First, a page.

True. I'm interested in some more detailed comparison on this, between m0n0 and pfS. Are there any practically important limitations in m0n0wall's VPN implementations today?


Quote
If you want the least problematic then buy a commercial VPN solution and require everybody to use that manufacturer's VPN client.  If you want free then you have to accept that you're getting what you're paying for ;)  Don't forget you can open a bounty to get features added.  The developers have their own agenda, if you're not paying for their effort then that's what they'll work to.

(This is true, sort of) When this ceases to be as true, then but only then will open source be a real alternative for many now Windows-locked-in users. I very recently worked as an IT consultant myself so I have heard what type of arguments users and clients often have. I would love to be able to replace all those DLink, Netgear etc SOHO FWs with pfS and be sure the basics just works (incl. VPN). Today pfS is a very powerful product, it's not easy to find alternatives that offer the same and when they exist they are often quite expensive. One of the very few problems with the base system I've seen are these VPN issues.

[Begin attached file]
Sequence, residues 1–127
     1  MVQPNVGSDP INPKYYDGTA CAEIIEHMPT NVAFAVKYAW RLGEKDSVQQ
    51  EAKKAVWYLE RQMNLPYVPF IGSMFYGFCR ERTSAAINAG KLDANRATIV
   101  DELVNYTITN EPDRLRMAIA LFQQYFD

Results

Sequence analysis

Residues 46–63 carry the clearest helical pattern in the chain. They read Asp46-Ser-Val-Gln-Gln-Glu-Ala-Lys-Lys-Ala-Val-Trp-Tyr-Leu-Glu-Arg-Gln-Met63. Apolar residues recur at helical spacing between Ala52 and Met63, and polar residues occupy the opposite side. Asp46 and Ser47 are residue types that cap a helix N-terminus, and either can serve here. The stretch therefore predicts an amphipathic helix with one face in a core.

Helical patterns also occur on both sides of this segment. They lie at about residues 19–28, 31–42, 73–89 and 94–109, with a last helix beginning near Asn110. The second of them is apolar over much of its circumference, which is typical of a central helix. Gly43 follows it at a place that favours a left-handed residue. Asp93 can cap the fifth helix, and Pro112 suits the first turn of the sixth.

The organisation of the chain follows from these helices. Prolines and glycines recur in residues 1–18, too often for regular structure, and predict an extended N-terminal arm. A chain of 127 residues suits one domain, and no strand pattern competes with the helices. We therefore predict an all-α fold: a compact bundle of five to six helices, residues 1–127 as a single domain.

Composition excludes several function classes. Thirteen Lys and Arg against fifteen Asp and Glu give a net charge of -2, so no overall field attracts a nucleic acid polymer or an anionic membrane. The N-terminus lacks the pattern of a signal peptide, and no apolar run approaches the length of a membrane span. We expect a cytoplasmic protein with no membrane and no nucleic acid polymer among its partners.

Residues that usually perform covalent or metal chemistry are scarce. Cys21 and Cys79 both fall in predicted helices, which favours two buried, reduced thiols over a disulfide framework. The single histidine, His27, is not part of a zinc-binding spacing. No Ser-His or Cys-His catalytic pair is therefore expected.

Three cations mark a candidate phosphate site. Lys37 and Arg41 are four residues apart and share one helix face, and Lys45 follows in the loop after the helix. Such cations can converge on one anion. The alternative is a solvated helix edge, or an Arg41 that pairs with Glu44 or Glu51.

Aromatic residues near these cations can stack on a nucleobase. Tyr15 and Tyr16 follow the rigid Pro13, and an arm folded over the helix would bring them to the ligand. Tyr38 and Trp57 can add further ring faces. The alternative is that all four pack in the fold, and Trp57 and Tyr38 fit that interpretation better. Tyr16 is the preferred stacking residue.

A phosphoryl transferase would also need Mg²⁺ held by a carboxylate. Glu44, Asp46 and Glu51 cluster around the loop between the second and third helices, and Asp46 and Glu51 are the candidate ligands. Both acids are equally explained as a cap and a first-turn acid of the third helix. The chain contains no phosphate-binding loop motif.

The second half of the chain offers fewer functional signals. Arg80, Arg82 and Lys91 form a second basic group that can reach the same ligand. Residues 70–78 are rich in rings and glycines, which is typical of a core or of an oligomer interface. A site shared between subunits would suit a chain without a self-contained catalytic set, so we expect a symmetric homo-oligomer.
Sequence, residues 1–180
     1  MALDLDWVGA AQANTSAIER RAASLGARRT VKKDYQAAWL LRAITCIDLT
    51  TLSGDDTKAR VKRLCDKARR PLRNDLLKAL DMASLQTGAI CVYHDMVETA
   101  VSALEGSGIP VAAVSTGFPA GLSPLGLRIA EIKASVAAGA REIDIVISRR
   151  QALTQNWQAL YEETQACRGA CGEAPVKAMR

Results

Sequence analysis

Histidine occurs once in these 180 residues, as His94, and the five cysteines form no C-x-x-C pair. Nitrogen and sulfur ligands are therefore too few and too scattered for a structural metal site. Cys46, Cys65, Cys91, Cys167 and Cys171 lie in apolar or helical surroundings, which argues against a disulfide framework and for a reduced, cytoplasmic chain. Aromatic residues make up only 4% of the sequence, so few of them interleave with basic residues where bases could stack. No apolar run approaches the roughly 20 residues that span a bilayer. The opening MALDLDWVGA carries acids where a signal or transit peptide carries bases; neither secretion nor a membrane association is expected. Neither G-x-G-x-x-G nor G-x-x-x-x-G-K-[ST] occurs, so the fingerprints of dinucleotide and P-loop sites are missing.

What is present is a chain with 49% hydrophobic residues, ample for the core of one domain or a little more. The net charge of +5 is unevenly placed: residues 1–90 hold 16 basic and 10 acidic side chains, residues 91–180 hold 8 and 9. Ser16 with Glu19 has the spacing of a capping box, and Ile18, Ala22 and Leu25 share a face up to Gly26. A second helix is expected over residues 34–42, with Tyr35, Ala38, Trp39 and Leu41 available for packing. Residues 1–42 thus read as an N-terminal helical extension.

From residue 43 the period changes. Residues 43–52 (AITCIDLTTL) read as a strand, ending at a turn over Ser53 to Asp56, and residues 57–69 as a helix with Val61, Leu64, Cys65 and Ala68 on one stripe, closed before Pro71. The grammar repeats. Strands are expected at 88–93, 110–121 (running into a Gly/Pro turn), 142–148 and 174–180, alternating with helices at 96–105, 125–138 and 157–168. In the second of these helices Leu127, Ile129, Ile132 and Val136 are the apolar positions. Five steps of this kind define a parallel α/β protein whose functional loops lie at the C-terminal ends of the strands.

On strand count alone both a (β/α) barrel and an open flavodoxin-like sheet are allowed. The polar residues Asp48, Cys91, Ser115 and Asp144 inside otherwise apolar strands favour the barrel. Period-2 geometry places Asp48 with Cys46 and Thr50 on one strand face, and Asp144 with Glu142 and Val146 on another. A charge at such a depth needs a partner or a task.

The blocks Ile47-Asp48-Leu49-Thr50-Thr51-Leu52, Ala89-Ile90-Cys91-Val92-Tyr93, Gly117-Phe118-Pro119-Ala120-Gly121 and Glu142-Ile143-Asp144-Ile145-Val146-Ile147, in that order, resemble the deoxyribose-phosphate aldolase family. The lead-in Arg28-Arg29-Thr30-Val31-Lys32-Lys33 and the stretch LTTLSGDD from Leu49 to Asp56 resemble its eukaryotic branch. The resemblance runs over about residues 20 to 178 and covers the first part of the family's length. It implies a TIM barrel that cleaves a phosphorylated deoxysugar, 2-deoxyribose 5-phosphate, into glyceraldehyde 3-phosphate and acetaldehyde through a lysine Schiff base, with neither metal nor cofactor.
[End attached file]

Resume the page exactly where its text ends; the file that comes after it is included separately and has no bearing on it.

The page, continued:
Not sure I fully agree with you though, that this fully pertains to the VPN issues here; I have used extensively a Linux laptop the last year or so (just to give you one example) and I have had no problems using the VPN _client_ with that one. Just as I had no problems admin the pfS server at the other end. And none of the commercial versions I've seen on Win$low were any *easier* to use. Open Source solutions in this particular area are quite mature, there are others that are more problematic, but then we'll stray too much off topic so..

I just hope these few limitations can be ruled out soon, that would benefit pfS greatly I think. (I would also like the RADIUS package to be part of the system, so that it were easily available on embedded too, but that's another thing entirely :).

Cheers,

PS: I would gladly contribute to pfS by buying the book that is being worked on, anyone know when it will be released?

Offline ktims

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Re: Some general questions on VPN and limitations vs future versions..
« Reply #4 on: April 08, 2009, 06:02:04 pm »